How Green Technology is Making our Planet More Sustainable

Green technology, or sustainable technology, is a growing field of technology that is considered environmentally friendly. This is because of the manner of its production and the energy it produces are less harmful to the environment than traditional methods such as burning fossil fuels.

A relatively new market, green technology is gathering pace as the future of energy production in a world becoming ever more concerned with climate change.

So, how will it help us going forward?

Green Technology

What Should Green Technology Do?

According to, the aims of green technology are:

  • Sustainability: Meeting our present needs without depleting natural resources for future generations.
  • ‘Cradle to cradle’ design: Creating products that can be reclaimed or re-used, ending the current ‘cradle to grave’ cycle.
  • Source reduction: reducing waste and pollution by changing methods of production and consumption.
  • Innovation: Developing alternatives to technologies that are damaging to the environment.
  • Viability: Creating an economy around environment-friendly technology to improve implementation and create careers.

Why Go Green?

There are only so many natural resources available on the planet, and we are burning through them at an alarming rate. Green technology is an attempt to create a sustainable world that future generations can thrive without further depleting natural energy sources that are already thin on the ground.

The effects of greenhouse gasses on our o-zone layer are well documented, and green technology is paving the way for a heavy reduction of carbon dioxide in the atmosphere.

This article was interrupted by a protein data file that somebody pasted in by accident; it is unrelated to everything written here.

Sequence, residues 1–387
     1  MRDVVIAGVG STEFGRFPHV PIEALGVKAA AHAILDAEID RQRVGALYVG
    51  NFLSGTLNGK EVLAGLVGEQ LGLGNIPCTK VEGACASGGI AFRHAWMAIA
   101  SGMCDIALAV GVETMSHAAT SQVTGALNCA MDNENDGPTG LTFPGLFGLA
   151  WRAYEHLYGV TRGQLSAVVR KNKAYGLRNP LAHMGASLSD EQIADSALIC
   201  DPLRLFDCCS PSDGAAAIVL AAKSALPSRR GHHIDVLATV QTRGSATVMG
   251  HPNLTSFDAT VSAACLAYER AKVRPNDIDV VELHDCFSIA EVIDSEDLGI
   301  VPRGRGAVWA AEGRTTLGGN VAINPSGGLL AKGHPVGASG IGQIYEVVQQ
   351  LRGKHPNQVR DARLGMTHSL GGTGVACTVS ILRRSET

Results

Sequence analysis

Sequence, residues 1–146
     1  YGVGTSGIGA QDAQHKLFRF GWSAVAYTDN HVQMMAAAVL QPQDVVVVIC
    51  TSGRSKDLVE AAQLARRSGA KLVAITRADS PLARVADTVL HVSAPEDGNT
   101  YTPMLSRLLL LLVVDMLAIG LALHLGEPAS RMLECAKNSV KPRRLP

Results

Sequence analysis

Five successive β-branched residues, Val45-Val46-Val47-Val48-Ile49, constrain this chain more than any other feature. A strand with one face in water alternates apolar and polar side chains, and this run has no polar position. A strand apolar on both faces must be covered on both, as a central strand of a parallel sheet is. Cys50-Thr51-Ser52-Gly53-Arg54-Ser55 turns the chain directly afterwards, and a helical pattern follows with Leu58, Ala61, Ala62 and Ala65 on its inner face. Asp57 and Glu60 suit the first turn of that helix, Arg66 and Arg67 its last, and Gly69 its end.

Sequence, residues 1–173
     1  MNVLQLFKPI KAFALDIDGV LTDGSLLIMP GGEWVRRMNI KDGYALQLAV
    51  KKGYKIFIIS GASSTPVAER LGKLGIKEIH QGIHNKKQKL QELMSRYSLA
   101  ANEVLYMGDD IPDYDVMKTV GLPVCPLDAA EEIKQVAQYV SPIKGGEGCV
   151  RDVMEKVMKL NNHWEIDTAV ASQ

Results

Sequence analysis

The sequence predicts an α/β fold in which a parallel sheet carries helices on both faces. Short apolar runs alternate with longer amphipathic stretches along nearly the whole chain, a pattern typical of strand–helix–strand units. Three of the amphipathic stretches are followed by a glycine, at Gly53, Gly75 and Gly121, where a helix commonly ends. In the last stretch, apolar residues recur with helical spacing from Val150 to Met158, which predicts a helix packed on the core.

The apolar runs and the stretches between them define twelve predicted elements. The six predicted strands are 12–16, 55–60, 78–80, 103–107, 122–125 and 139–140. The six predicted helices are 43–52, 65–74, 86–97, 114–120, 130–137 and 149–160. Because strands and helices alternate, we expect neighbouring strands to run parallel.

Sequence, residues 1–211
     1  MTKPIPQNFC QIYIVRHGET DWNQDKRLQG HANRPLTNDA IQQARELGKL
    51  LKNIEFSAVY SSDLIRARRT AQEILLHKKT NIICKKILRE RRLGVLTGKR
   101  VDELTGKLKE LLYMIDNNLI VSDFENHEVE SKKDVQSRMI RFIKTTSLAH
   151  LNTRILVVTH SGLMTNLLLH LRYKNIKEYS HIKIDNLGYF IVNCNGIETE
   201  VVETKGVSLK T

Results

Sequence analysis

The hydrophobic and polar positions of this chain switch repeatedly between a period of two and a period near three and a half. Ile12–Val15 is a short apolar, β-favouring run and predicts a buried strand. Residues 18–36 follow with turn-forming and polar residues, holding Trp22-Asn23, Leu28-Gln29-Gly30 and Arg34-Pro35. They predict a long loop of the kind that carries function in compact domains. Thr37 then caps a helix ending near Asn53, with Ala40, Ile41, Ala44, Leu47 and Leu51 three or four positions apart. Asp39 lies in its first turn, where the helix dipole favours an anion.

If not for environmental benefits, inventors, investors and consumers should be attracted by the great financial potential of the industry. Green-markets are fast growing, as are their profits.

Even at ground level, consumers can save money while doing their bit for the environment by buying into energy-friendly products.

Examples of Green Technology

Although primarily centered around sustainable energy, green technology covers a number of other subject areas including green buildings, preferred purchasing, green chemistry and green nanotechnology.

A few examples of green technology making a difference in the industry are:

The Solar Cell

One of the best-known green technologies, solar cells have been around for some time, but that doesn’t mean they’re old news. Using a process called photovoltaics, solar cells convert energy from the light directly into electrical energy, which helps reduce the strain on use of fossil fuels.

Mind-boggling advances in solar technology include a transparent spray-on solar film consisting of nanoparticles that turn normal glass panels into solar panels, and ‘Solar Ivy’; small leaf-shaped panels designed to make solar energy more aesthetically pleasing going forward.

Reusable Water Bottles

Not the most spectacular technology, but a cultural shift away from one-use plastic bottles is set to make a massive impact on landfill issues involved with the disposal of plastic packaging.

As of 2017, it’s said that a staggering one million plastic bottles were bought across the globe every single minute, so it’s worth everyone doing their bit to go reusable.

Wet Scrubbers

Not just someone stood there with an abrasive sponge, wet scrubbers are machines which provide an effective process for controlling air pollution by removing polluting particles and gases from industrial exhaust streams.

Dirty gas is exposed to a ‘scrubbing liquid’, typically water, which collects any pollutive chemicals, making them a key part of reducing environmentally damaging fumes in industry.

There are plenty more weird and wonderful pieces of green technology both in use and development as we speak and, as the market continues to grow, we’re bound to see some spectacular advances that set up the planet for a better future.

Robyn Matthews started writing about technology when she was far too young and hasn't stopped. She spends most of his time obsessing over computer software and hardware, and loves talking about herself in third person.